Disadvantages:

  • Strict compliance requirements: PLCs are subject to stricter regulations and compliance requirements than other business structures, which can be costly and time-consuming.

  • Increased regulatory oversight: PLCs are subject to increased regulatory oversight, which can be burdensome and may lead to delays in decision-making.

  • Higher costs associated with formation and maintenance: PLCs have higher formation and maintenance costs than other business structures.

  • Potential for conflicts between shareholders and management: PLCs may have conflicts between shareholders and management, which can lead to disagreements and potential legal disputes.

 

Difference Between a Private Limited Company and with Public Limited Company

  1. Shareholders: A PLC can have an unlimited number of shareholders, while a Pvt Ltd can have a maximum of 200 shareholders.

  2. Minimum Shareholders: A PLC must have at least seven shareholders, while a Pvt Ltd must have at least two shareholders.

  3. Minimum Capital: A PLC must have a minimum paid-up capital of INR 5 Lakhs, while a Pvt Ltd has no minimum paid-up capital requirement.

  4. Fundraising: PLC can raise funds from the public through the issuance of shares, while a Pvt Ltd can't raise funds from the public.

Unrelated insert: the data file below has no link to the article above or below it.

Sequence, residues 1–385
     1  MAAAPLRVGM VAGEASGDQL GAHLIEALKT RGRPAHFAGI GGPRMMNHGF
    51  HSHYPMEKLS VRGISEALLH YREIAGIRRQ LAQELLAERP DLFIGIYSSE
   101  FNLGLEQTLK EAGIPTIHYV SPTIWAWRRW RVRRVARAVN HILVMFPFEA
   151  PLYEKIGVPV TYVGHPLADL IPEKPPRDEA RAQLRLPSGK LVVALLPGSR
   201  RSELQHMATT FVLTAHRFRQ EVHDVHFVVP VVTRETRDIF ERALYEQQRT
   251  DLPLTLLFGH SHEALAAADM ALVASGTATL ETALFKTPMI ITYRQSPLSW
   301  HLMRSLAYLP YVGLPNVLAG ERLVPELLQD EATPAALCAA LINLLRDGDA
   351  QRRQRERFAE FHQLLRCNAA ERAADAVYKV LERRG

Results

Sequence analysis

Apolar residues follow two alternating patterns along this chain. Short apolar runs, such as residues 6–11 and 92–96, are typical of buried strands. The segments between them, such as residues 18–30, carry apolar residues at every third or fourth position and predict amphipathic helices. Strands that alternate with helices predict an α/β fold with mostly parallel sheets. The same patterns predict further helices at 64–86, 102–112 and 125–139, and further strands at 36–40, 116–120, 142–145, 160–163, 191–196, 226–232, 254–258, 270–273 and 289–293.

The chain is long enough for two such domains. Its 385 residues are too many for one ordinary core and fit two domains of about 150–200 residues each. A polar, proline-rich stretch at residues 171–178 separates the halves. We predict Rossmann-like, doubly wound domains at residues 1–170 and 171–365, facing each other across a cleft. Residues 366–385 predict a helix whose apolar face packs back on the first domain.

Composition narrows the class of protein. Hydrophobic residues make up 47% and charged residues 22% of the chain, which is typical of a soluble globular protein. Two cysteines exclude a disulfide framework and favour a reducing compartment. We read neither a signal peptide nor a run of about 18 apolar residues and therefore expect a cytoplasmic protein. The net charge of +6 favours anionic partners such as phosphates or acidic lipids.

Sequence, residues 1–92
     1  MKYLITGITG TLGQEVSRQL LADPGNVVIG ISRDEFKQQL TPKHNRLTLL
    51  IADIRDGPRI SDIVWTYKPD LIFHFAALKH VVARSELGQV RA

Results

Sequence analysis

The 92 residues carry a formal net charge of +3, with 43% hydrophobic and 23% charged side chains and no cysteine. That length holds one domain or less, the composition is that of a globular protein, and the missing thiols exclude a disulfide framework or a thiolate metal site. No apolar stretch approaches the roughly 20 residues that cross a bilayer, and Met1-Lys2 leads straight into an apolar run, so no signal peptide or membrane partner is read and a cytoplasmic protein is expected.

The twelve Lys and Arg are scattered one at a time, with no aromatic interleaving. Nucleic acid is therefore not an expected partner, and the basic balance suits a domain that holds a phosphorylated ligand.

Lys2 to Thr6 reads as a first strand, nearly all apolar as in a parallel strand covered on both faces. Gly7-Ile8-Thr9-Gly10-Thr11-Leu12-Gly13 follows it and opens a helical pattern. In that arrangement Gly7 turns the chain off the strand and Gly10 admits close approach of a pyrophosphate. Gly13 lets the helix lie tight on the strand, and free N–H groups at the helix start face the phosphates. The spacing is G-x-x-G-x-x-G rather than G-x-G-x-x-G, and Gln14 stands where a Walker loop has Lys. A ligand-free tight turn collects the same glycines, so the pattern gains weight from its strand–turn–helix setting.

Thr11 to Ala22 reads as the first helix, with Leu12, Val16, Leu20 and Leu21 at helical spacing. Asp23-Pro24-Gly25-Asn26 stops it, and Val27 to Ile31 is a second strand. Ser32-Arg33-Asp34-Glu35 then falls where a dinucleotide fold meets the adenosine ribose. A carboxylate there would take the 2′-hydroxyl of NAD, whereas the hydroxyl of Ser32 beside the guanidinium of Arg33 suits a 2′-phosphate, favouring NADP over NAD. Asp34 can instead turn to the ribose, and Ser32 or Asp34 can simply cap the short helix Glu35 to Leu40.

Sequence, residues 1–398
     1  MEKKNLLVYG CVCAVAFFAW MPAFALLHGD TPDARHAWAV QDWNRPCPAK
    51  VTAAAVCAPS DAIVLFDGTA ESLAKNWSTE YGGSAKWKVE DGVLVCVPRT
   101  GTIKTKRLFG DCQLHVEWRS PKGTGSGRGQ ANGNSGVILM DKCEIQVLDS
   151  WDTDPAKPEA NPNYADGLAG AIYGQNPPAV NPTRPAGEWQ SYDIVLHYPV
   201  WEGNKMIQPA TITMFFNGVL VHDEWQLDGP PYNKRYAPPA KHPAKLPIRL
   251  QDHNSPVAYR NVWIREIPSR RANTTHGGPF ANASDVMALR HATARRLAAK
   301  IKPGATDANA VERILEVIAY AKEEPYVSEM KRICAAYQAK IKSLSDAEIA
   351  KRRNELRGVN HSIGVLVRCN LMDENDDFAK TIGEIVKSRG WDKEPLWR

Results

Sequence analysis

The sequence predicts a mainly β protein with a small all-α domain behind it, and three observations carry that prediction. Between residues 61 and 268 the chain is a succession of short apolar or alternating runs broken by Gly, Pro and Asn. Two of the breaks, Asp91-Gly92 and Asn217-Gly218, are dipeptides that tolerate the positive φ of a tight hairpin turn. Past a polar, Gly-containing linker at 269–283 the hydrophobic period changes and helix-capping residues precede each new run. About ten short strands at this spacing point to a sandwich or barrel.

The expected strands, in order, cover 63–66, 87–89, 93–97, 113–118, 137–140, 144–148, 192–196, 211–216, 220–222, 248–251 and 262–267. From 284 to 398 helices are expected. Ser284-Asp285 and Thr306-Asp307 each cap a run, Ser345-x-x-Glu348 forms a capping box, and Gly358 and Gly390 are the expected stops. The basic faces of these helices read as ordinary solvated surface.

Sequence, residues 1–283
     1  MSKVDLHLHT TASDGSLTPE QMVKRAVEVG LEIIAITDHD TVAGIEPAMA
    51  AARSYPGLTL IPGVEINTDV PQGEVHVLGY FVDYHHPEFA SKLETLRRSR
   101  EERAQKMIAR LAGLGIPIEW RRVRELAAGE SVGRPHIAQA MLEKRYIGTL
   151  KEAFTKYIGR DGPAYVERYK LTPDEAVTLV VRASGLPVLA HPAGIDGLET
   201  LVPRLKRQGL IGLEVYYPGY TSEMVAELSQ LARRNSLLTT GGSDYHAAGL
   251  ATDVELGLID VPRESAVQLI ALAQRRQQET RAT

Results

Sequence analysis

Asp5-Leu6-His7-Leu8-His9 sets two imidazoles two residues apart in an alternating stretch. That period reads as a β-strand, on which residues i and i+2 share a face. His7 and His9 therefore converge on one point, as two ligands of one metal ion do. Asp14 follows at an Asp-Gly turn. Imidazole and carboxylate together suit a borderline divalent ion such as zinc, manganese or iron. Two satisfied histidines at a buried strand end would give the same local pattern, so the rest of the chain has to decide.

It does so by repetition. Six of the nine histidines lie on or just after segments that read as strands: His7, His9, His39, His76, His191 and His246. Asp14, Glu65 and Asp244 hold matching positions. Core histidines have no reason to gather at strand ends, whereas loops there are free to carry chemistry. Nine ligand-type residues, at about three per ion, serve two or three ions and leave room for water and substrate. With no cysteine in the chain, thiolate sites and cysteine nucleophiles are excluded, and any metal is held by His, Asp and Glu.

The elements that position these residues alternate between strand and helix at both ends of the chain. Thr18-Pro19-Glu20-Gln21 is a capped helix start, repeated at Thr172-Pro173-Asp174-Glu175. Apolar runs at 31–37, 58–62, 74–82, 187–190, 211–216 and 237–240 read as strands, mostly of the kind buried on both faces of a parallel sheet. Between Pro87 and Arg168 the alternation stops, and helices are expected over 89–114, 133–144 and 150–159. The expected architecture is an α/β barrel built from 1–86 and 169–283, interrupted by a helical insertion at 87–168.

5. Compliance: A PLC is subject to stricter regulations and compliance requirements than a Pvt Ltd, which can be costly and time-consuming.

  6. Listing: A PLC can list its shares on the stock exchange and can raise funds through the capital market, while a Pvt Ltd cannot list its shares on the stock exchange.

  7. Name: PLC must have the last word "Limited" in its name, while a Pvt Ltd must have the last word "Private Limited" in its name.

  8. Directors: A PLC must have at least three directors and two of them have to be independent directors, while a Pvt Ltd must have at least two directors.

  9. AGM: A PLC must hold an annual general meeting (AGM) and file annual returns, while a Pvt Ltd is required to hold AGM only if specified in its articles of association

  10. Secretary: A PLC must mandatorily have a company secretary, while a Pvt Ltd is not required to have one.

 

Conclusion

A Public Limited Company (PLC) and a Private Limited Company (Pvt Ltd) are two different forms of business structure in India. A PLC allows a company to raise capital from the public through the issuance of shares, has a minimum number of shareholders of seven, must have a minimum paid-up capital of INR 5 Lakhs, and must have the last word "Limited" in its name. It is also subject to stricter regulations and compliance requirements and has to mandatorily have an auditor appointed and a company secretary. A Pvt Ltd, on the other hand, has a maximum number of shareholders of 200, has no minimum paid-up capital requirement, and must have the last word "Private Limited" in its name. It is subject to less compliance requirements and has no mandatory requirement of an auditor and a company secretary. Both forms of business have their own pros and cons, it's always a good idea to consult with a professional before starting a business or for any specific advice. An experienced professional can guide you through the process of registration and compliance, and help you to make the best decision for your business.​